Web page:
UK-based telecoms group Arqiva plans to raise £1.5 billion ($2 billion; €1.7 billion) through an IPO after a move for a direct sale failed to materialise.
The company expects to float at least 25 percent through a primary share offer, providing it with a valuation of about £6 billion.
Arqiva said its existing shareholders – Canada Pension Plan Investment Board (48 percent), Macquarie European Infrastructure Fund II (25 percent), IFM Global Infrastructure Fund (14.8 percent), First State Super (5.4 percent), MTAA Super (5.2 percent) and two Macquarie-affiliated minorities (1.5 percent) – will only sell shares through a 15 percent over-allotment option.
Discussions have been held within Arqiva for at least 18 months about whether the firm should be sold directly or on the stock market, Infrastructure Investor understands – with some industry insiders saying a float should have occurred earlier.
However, a decision to sell privately was taken at the beginning of this year after CPPIB renounced its pre-emption rights on Macquarie’s stake. Despite reported interest from GIC and Brookfield, Arqiva has been unable to reach an agreement with any potential suitors.
The group’s revenues grew 6 percent to £941 million in the full year to June 2017, with an 11 percent increase in EBITDA to £474 million. However, it recorded a loss for the period of £413.4 million after non-cash charges, which Arqiva said was principally due to adverse fair value movements recorded from the company’s swaps.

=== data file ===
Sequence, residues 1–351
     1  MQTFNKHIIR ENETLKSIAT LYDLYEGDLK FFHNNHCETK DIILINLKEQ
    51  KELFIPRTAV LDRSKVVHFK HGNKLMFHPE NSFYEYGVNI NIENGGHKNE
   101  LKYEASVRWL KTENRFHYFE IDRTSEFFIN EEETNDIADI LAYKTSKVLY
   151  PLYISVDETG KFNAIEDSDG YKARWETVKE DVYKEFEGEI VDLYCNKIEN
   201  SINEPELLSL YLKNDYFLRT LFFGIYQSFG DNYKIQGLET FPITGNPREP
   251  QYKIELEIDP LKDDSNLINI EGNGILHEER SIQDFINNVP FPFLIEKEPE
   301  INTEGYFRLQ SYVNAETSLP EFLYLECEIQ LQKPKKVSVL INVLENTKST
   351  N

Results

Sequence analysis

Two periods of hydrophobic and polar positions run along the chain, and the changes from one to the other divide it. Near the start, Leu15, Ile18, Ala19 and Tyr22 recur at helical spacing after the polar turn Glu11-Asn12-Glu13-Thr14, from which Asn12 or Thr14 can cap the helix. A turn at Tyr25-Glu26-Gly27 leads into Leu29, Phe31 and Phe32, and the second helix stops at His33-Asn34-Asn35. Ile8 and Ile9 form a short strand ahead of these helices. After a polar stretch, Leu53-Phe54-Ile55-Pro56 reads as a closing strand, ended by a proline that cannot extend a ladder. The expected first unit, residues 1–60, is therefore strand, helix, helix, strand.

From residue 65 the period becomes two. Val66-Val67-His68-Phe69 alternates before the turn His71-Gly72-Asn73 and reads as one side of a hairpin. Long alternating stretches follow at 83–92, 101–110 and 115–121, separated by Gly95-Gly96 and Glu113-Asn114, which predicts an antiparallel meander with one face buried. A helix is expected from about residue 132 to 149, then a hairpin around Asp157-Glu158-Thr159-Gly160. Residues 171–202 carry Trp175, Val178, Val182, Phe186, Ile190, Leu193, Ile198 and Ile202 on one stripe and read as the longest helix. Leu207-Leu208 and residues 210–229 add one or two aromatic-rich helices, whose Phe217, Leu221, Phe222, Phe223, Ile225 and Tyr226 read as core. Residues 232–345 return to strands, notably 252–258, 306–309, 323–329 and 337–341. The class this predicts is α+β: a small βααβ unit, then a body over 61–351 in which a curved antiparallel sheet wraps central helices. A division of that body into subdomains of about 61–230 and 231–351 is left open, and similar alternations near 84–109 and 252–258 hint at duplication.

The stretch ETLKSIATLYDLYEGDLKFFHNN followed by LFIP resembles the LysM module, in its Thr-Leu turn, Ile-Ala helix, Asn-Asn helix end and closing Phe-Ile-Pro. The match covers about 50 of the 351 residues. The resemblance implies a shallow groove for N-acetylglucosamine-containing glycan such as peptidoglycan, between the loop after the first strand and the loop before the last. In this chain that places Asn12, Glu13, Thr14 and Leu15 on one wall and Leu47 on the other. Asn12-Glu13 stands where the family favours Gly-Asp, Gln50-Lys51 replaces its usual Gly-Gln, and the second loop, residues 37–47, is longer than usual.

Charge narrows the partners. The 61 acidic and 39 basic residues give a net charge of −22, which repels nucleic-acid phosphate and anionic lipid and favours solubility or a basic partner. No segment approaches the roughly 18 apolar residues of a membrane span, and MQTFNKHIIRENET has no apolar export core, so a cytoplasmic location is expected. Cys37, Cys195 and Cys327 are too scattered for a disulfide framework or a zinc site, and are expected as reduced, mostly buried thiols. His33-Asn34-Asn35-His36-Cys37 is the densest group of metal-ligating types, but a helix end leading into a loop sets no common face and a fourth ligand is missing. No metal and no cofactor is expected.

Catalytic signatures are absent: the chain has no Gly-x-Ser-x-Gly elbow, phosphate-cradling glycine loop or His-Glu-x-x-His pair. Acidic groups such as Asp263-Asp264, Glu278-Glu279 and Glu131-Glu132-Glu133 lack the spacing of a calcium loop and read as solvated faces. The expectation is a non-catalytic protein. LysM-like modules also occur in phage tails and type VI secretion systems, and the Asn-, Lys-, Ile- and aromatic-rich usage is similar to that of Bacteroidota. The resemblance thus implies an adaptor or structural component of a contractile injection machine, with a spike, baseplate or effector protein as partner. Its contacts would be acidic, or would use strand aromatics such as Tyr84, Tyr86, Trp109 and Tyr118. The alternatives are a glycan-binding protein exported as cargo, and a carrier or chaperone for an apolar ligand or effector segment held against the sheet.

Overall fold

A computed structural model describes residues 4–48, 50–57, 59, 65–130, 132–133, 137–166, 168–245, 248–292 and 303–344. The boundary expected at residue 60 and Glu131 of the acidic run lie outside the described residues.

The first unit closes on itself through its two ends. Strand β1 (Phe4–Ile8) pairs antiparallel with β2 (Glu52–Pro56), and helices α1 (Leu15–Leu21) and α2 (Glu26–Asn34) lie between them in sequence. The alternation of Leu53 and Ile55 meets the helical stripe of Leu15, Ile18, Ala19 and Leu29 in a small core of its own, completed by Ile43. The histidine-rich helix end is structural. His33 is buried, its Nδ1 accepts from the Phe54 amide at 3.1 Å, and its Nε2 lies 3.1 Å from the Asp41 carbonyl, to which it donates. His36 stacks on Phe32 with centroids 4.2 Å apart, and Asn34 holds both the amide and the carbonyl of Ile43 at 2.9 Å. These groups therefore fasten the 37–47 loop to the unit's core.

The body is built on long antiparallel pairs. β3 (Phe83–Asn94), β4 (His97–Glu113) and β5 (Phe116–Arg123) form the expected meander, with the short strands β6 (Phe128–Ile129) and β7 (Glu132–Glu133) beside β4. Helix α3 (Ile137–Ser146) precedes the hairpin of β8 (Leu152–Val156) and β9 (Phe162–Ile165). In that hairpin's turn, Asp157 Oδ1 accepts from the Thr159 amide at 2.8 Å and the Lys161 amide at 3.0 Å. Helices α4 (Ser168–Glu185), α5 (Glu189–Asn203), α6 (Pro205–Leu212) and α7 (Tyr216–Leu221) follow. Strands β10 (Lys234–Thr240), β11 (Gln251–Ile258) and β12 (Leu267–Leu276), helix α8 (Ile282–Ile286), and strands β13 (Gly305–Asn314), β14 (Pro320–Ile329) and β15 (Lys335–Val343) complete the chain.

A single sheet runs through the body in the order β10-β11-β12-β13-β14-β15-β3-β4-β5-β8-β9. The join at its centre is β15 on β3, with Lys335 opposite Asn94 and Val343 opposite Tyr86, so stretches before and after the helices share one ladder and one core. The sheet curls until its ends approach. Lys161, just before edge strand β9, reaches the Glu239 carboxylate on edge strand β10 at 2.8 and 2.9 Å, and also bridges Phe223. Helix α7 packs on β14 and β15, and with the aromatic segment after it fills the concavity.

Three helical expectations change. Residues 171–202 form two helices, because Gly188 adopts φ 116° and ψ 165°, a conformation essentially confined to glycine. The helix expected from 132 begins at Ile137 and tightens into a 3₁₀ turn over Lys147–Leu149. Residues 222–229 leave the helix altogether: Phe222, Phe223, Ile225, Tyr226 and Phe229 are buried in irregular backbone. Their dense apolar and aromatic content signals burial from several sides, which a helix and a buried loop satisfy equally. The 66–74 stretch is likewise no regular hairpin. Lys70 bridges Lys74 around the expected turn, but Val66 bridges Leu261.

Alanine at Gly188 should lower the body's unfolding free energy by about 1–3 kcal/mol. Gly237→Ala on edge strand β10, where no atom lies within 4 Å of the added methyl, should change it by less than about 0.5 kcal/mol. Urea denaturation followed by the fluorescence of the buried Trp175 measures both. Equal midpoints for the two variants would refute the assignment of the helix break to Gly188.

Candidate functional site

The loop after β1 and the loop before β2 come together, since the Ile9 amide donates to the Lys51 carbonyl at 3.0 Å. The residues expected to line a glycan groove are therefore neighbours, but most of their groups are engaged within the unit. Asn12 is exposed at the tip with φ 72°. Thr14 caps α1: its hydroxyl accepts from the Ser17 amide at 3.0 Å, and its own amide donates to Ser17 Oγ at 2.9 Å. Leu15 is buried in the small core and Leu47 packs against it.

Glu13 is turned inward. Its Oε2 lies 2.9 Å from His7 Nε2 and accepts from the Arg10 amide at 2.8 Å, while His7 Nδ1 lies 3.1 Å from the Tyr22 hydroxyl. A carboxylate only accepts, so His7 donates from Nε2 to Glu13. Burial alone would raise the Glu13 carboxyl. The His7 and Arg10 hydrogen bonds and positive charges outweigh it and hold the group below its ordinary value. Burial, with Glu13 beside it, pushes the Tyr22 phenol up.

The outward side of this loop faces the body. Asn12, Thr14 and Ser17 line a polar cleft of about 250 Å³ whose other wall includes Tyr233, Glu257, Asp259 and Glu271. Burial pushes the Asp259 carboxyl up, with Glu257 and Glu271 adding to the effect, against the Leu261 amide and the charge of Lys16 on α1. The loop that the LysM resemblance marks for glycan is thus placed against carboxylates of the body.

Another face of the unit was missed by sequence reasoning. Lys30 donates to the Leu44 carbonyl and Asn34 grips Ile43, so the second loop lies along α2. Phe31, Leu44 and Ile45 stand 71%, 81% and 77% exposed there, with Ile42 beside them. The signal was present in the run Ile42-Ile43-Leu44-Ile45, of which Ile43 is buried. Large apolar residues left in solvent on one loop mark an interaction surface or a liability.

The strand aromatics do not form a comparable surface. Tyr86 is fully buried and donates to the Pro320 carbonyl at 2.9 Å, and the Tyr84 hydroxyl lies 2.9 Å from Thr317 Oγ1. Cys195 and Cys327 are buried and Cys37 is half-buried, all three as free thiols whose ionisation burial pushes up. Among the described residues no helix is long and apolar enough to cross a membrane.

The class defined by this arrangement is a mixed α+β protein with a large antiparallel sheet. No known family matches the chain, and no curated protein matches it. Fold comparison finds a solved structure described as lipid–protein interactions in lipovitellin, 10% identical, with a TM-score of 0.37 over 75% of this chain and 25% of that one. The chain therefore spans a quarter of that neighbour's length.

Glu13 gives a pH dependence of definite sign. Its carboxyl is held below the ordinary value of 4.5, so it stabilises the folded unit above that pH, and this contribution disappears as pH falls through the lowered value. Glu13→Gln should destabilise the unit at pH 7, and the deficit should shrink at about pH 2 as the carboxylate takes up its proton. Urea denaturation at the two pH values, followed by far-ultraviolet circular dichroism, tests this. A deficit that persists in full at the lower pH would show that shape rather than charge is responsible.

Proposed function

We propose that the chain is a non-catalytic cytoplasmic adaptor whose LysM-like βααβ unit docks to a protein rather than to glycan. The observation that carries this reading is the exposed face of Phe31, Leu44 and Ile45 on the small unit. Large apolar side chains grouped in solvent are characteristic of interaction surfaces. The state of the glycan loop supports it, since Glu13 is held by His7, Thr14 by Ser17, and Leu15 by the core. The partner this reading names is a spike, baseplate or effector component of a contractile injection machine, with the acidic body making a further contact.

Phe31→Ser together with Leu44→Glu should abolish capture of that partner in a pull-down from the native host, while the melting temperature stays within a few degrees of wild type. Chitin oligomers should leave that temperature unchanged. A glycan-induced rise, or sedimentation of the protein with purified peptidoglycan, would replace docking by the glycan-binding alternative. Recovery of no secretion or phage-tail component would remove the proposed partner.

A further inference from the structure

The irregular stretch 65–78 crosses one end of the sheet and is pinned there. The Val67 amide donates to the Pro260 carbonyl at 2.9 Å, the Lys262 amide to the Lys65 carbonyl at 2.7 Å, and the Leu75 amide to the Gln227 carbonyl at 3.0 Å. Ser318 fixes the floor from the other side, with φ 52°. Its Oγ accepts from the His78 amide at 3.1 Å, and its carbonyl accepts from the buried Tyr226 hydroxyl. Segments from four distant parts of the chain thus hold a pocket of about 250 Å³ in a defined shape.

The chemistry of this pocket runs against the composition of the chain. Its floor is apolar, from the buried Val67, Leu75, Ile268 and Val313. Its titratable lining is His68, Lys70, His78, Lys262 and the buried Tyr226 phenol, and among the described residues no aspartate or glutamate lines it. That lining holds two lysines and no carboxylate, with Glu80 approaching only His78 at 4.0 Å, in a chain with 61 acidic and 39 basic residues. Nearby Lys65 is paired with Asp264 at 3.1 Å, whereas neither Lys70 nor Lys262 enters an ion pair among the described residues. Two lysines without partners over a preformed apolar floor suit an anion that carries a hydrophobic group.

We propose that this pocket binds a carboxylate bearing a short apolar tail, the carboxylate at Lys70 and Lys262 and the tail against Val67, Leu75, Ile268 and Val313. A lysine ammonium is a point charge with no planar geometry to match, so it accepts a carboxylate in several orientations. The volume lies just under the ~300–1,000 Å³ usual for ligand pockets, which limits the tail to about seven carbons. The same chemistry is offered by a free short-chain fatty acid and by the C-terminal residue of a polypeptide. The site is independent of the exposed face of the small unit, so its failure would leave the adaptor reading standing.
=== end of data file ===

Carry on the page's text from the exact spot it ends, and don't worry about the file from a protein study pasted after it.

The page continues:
In addition to the £2.5 billion of senior net debt held by Arqiva, it holds outstanding swaps valued at close to £1.2 billion. Infrastructure Investor understands the structure of the swaps made it more difficult for the shareholders to secure a sufficiently attractive private deal.
In its statement to the London Stock Exchange, Arqiva said the IPO will “enable the group to restructure its swaps portfolio with the remaining proceeds to a level it believes to be appropriate for a public company which the group aims to complete within three months from admission”.
Arqiva says it owns about 16,000 TV, radio and mobile phone masts, with 98.5 percent of the UK watching TV via its networks, while it has also branched out to smart-meter installations and expects its network to cover up to 12 million premises in the UK once rollout is completed.